If the session has been set up to do so, it will automatically record everything that goes on in the session, ie the presentation, discussion and backchannel, and will generate a unique URL for dissemination to others.
Twitter is what is known as a microblogging service, meaning that messages are restricted to 140 characters. Although it is still viewed with suspicion by some as a pointless and time-wasting activity (a perception created or at least reinforced by people who insist on "tweeting" what they are eating for breakfast), it has proven itself to be a valuable tool in the teacher's CPD toolkit -- with an emphasis on the "Continuing" part of 'CPD'.
The features of Twitter that facilitate CPD quite naturally are:
- It is easy to share resources by posting a message with a link;
- It is easy to pass on useful messages by "Retweeting" them.
- By following people who work in your field, you can easily, or more easily, keep up-to-date with current developments.
- The same can be achieved by joining lists (see below).
See How Twitter is changing CPD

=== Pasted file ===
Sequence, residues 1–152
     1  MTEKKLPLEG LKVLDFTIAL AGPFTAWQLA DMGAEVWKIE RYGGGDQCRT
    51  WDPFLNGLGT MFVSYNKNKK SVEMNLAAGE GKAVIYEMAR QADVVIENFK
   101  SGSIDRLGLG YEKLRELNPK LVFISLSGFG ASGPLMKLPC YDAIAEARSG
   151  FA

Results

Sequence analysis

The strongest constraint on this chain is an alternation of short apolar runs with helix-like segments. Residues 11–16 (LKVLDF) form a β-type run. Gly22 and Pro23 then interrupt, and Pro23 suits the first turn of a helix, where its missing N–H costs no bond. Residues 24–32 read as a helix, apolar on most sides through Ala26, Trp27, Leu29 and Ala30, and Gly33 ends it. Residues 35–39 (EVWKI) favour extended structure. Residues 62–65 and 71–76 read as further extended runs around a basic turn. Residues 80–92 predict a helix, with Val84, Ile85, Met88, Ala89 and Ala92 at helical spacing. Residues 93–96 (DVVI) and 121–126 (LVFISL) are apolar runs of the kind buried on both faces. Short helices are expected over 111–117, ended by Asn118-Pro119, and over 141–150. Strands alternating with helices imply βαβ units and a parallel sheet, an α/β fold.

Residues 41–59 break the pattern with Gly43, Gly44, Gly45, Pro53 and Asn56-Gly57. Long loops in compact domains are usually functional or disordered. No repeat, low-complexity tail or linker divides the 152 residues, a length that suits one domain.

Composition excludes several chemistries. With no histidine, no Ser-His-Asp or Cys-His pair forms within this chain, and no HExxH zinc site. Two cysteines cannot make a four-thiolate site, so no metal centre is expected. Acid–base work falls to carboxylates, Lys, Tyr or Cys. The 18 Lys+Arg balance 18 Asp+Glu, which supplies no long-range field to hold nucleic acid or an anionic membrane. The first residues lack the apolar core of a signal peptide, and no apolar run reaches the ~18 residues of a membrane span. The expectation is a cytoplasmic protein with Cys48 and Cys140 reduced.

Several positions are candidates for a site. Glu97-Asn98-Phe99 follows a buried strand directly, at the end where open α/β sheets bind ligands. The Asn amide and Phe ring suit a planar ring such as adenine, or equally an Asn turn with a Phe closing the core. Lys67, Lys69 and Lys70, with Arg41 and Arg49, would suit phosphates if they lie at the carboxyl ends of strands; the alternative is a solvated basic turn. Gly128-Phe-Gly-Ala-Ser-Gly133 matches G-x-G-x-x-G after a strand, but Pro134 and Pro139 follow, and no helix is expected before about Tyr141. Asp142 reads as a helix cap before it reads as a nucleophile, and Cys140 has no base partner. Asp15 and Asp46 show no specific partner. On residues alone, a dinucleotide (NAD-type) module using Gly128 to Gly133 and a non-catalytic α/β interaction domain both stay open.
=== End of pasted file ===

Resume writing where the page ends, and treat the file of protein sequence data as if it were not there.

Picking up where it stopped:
These are lists of people on Twitter, collated according to a particular theme, such as education technology, or lists of tweets according to a particular theme or keyword, such as BYOD (using the hashtag method, ie #byod). An example of the former is shown here:
Here is an example of a list based on a keyword (hashtag) search:
Twitter chats are online discussions which take place according to a schedule, based on a particular theme or hashtag. For a list of Twitter chats see the Twitter Chat Master Schedule, The Top 50 Education Twitter Chats and Leon Cych's video about Online Learning Communities (above).
Variation: The 140 Conference
This attempts to bring the spirit of Twitter to a physical conference. It does so by having panels of speakers, each of whom may speak on the designated theme for no more than a few minutes. The specific panel discussion theme itself changes throughout the day too. Participants are, obviously, encouraged to contribute to the discussions in Twitter. The 140 Conference takes place in different parts of the world. According to the 140 Conference home page:
The schedule for the events are unique and fast paced. It was the intention of Jeff Pulver [the originator the 140 Conference] to provide a platform for as many people as possible to share their thoughts and engage in conversation with the attending delegates. You will find individual talks set to: 10 minutes; “Featured talks” 15 minutes and the various panel discussions are set for 10 to 20 minutes.